FACULTY SHOW AT MICA HIGHLIGHTS RACE, GENDER POLITICS IN BALTIMORE & BEYOND
The solo exhibition by B.F.A. Painting faculty Lauren Frances Adams is a site-specific installation that explores Confederate spaces, race and gender and political activism.
The Maryland College Institute of Art (MICA) presents “Germinal,” a solo exhibition consisting of a site-specific installation by B.F.A. Painting faculty Lauren Frances Adams. The exhibition explores themes converging around feminist activists from American history, domestic ornament in service of political messages, and the recent removal of Baltimore’s Confederate monuments.
“Germinal” opens Saturday, Jan. 20, and runs through Tuesday, March 13, at MICA’s Pinkard Gallery, Bunting Center, 1401 W Mt. Royal Ave. A reception will take place Thursday, Feb. 15, 5 – 7 p.m.
Reflecting on contemporary and historical political movements for the advancement of civil rights in America, Adams’ installation and research-based paintings examine the ways in which white women both helped and hindered progress, as well as the pioneering black feminists who fought for racial justice. Specifically, Adams, whose work often focuses on the history of labor and class, looks at the ways in which activists in American history, particularly women of color from the 18th century through the present day, have been overlooked in favor of white causes. Adams also questions the legacy of white activists such as the United Daughters of the Confederacy who advanced Lost Cause myths and neo-Confederate ideology in public monument building and school curriculums, and grounds the idea of white culpability in racial injustice to the present day.
“Germinal” also showcases the recent public battle over removing Confederate monuments, including Baltimore’s Confederate Soldiers and Sailors Monument or Spirit of the Confederacy, which was located adjacent to MICA’s campus on Mt. Royal Ave. and dismantled by Mayor Pugh in August.
“Given the recent movement to remove Confederate monuments across the country and in Baltimore, I wanted to create work that responds to the dichotomy between these efforts and the palpable civil and political unrest that has taken hold of the national body politic,” said Adams.
The installation of “Germinal” will transform the gallery space by applying custom wallpaper designs and patterns to the normally white wall space, and will feature collections of painted found objects, such as stacks of locally reclaimed brick from Baltimore featuring patterns and designs reflecting resistance to white supremacy, and oyster shells sourced from Maryland’s Choptank River—where Harriet Tubman lived—with portraits of activists painted on the inside of the shells.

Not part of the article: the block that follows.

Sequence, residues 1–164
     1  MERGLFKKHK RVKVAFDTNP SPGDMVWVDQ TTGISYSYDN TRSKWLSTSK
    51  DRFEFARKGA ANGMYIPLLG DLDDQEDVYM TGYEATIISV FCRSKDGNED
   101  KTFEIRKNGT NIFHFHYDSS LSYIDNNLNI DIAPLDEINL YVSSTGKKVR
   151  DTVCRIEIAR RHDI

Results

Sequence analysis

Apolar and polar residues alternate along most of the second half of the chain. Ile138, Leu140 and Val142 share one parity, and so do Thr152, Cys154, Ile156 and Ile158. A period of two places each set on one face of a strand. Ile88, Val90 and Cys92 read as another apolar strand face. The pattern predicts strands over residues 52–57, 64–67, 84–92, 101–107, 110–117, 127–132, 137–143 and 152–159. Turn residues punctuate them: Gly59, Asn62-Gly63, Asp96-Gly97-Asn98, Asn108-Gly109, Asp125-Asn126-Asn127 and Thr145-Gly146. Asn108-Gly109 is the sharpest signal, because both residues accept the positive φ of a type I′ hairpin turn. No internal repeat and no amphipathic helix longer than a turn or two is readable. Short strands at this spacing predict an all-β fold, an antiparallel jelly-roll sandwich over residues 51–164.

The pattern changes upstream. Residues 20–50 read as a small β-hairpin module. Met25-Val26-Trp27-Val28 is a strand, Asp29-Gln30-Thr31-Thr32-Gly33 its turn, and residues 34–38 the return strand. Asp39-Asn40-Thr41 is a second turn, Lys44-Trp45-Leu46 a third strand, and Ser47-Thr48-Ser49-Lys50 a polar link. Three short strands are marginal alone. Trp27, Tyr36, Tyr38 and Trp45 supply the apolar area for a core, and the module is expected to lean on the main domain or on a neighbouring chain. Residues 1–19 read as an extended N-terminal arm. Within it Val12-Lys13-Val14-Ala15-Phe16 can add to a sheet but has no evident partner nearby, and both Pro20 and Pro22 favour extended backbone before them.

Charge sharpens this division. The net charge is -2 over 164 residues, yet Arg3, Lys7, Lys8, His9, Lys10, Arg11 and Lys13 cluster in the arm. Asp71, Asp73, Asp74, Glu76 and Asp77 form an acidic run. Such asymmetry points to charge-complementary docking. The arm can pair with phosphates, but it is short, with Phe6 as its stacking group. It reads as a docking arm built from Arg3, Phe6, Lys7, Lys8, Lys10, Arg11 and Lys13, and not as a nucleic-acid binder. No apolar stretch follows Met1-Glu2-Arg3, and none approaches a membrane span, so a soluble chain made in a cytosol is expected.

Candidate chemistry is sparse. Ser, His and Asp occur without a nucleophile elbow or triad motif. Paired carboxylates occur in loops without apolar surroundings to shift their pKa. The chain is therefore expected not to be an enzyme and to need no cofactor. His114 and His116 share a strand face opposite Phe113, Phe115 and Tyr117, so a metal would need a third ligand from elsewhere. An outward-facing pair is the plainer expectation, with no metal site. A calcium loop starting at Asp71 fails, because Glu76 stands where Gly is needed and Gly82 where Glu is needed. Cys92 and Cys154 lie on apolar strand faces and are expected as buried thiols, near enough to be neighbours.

The objects will be incrementally added to the installation throughout the exhibition, accumulating (or “germinating”) over time as though growing out of the initial object. The title is also a play on the word “seminal,” acting as the feminine counter to the male dominated concept of historicity and plays up the role of women in enacting—or hindering—social change. “The works on display encourage a consideration of the ways in which public visual culture has contributed to the reinforcement of Confederate spaces and values, while also highlighting the long history of women who resisted (racialized and gendered) oppression and the continuation of these struggles today,” Adams said.
“Germinal” is supported through a Marcella Brenner Grant for Faculty Development and Research, which annually funds projects that contribute to MICA faculty members’ professional, artistic or scholarly research and development. “Germinal” will be accompanied by an exhibition catalog featuring an essay by MICA Humanistic Studies faculty Christine Manganaro.
Lauren Frances Adams’ work engages political and social histories through iconic images and domestic ornament. At the core of her work are critical explorations of labor and class in visual culture. She draws heavily upon the historical decorative arts, such as wallpaper patterns, quilts and paintings, to find contradictions within the contexts they originated. Alongside painting and mixed-media installations, domestic materials take shape in her research on the construction of political identity. Adams earned her B.F.A. at the University of North Carolina, Chapel Hill, and her M.F.A. at Carnegie Mellon University. Her work has been exhibited at Nymans House National Trust, Sussex, England; The Walters Museum, Baltimore, Maryland; The Mattress Factory, Pittsburgh, Pennsylvania; and Contemporary Art Museum in St. Louis, Missouri. Recent projects include Smack Mellon in Brooklyn and Plug Projects in Kansas City. She attended the Skowhegan School of Painting and Sculpture, and has held residencies at the Cite in Paris and the Sacatar Foundation in Brazil. She is the recipient of the Joan Mitchell Foundation M.F.A. Award, a 2016 Pollock-Krasner Foundation Award and the 2016 Trawick Prize. Adams is a founding member of Ortega y Gasset Projects, a project space in New York City.